07:59 GMT +316 October 2019
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    Maxim Gorky cruise ship, where the historic meeting took place, is docked in Malta

    Back To The Future: The Cold War That Never Ended

    © Sputnik / Yuri Abramochkin
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    Soviet leader Mikhail Gorbachev and US President George Bush Sr. officially declared the Cold War over 25 years ago at the Malta Summit. As the world marks this occasion, many are speaking about a ‘New Cold War’, but in reality, the spirit of the old one never ended. All that changed was the form.

    1989 shouldn’t’ be seen as the end of the Cold War, but rather as a transitional stage bridging the old competition with the new one. The US, no longer obstructed by its former Soviet competitor, began to succeed in its decades-long push for global dominance and unipolarity. Its economic reach and soft power penetrated nearly every country; its military began to intervene, and continued to be deployed all across the world. Unabated NATO expansion was akin to multiple victory laps around a tired Russia, still struggling to adapt to the new race. It was called the Wolfowitz Doctrine, and its purpose was to prevent any future competitor of the US. 

    With time, however, Russia got back on its feet and once more began to define and defend its interests, especially under President Putin.  The US didn’t want to adapt to this reality, and the push-back reaction has been the ‘New Cold War’. Here are its three most important characteristics:

    Ideology Hasn’t Died

    In the new battle for hearts and minds, it’s no longer as simple as capitalism versus communism.

    US: 

    Washington wants to retain its global supremacy and prolong the unipolar moment, sometimes using its subjective understanding of ‘spreading democracy’ to try to justify itself.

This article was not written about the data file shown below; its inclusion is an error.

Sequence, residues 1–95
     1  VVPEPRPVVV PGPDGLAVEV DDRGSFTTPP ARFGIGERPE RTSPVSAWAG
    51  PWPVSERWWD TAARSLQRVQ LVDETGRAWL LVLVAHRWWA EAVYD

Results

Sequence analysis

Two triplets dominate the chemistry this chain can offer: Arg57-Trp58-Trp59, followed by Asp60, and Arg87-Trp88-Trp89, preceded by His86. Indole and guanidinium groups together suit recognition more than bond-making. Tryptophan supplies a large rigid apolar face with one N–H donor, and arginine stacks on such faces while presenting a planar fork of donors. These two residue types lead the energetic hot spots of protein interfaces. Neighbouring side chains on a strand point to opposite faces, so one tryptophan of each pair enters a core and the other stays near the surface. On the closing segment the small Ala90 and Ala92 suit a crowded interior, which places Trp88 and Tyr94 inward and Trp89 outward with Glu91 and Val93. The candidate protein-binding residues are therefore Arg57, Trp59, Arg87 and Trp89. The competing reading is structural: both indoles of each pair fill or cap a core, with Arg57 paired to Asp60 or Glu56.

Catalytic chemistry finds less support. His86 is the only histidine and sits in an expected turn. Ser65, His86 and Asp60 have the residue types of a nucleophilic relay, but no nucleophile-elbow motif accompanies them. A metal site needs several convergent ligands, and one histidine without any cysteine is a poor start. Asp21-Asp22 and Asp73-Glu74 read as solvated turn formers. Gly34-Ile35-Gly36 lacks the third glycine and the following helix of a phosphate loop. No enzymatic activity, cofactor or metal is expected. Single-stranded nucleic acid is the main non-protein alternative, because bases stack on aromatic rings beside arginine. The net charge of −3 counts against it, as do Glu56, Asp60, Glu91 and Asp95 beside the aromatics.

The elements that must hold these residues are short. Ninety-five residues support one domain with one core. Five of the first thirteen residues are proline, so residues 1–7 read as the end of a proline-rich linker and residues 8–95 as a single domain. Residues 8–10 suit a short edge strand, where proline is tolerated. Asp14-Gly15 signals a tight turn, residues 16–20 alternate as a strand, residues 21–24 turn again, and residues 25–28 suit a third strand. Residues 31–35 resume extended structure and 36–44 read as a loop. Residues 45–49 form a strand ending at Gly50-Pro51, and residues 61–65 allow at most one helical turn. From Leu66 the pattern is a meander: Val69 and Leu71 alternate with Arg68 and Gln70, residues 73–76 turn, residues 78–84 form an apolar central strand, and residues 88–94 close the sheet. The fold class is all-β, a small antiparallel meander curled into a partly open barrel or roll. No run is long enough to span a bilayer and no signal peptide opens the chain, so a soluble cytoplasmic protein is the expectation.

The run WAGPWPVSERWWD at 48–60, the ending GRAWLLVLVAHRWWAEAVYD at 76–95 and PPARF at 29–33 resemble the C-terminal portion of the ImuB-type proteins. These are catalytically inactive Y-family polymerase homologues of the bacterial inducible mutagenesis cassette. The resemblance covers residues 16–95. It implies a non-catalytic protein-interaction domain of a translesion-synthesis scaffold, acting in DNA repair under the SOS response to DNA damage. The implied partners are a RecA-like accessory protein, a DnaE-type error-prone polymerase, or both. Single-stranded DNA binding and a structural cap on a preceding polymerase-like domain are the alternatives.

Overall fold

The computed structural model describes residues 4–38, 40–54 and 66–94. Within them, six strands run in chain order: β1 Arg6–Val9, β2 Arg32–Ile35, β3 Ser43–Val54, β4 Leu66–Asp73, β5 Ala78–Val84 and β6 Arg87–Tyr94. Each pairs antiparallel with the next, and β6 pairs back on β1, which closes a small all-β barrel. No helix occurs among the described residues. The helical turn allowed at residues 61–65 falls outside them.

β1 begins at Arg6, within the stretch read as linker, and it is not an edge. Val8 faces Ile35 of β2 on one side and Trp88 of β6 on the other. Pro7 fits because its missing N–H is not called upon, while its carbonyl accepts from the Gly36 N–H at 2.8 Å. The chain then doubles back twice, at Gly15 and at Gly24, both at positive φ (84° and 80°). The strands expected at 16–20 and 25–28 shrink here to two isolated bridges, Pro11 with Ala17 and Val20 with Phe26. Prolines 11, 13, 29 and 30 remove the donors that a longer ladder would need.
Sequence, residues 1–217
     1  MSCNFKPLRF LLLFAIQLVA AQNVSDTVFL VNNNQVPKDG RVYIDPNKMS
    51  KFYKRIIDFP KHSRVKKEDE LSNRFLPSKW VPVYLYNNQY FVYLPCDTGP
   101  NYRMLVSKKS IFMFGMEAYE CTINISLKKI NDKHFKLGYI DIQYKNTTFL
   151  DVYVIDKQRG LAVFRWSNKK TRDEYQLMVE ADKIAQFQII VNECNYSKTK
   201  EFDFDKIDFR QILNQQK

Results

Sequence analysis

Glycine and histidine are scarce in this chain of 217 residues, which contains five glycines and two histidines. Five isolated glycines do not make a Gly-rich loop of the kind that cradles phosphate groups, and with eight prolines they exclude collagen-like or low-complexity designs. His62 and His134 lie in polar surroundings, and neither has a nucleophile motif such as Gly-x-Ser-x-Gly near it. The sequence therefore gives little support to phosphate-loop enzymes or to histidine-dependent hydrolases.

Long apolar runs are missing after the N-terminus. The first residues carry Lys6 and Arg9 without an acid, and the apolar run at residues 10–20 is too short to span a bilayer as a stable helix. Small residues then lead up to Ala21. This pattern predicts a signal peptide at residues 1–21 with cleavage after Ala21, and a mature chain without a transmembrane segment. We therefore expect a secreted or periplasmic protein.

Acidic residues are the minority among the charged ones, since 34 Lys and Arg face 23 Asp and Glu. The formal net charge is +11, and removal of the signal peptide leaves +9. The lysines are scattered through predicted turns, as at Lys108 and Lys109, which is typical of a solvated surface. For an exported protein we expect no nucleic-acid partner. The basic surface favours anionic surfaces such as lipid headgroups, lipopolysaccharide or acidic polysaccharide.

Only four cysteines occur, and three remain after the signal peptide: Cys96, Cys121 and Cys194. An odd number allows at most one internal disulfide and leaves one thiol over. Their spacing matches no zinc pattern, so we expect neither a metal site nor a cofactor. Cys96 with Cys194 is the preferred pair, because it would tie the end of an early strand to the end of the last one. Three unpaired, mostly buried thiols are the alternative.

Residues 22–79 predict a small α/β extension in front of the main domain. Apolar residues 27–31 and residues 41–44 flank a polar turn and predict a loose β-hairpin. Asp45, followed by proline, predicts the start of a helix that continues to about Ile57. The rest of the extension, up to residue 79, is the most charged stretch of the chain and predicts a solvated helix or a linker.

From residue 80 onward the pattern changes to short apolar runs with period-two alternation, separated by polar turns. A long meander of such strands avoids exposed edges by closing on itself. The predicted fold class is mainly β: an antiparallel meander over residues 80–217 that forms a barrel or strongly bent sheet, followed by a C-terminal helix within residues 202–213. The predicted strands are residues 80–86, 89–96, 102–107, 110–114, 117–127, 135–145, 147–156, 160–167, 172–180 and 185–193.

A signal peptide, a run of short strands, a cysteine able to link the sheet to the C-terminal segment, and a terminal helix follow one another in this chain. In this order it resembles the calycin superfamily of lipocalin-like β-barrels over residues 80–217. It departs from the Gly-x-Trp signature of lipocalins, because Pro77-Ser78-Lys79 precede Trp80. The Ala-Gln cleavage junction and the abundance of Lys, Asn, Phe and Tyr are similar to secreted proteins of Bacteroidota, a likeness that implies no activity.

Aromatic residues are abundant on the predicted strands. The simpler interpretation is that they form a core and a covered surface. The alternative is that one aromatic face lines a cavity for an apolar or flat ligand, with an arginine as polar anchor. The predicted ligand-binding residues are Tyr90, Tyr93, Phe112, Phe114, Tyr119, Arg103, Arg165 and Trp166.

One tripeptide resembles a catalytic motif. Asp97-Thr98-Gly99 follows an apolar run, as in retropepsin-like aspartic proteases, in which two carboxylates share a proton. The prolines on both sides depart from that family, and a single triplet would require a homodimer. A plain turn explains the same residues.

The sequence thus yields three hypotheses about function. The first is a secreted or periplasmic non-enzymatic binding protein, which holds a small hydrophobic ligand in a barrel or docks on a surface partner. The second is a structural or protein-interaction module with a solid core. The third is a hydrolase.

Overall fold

EU: 

    Brussels is brainwashed into thinking that its ‘values’ are better than anyone else’s, and that it has an historical mission to proselytize them to others at all costs (even if this contradicts itself by violating the very ‘values ‘ it says it stands for). 

    Russia:

    Moscow follows multipolarity, which boils down to ‘to each his own, just don’t interfere with others’. 

    The US and EU come together in NATO to complement one another’s expansionist views, while Russia’s adherence to multipolarity affiliates it with non-Western leaders such as China, India, Iran, and Turkey.  

    A Pan-Eurasian Crusade

    The US and its allies are pressuring Russia from all angles, seeking to surround it in Eurasia in order to force its strategic submission. 

    Arctic:

    The Arctic Council is basically NATO & Friends plus Russia, and the former are intent on the multilateral militarization of the Arctic Ocean in order to threaten Russia’s exposed northern flank and seize its maritime resources. 

    Baltic:

    The fuss about a phantom Russian submarine in Swedish waters (never found or even proven to exist) was just another step in the direction of manipulating the Swedish and Finnish publics to agree to formal NATO membership in the upcoming future.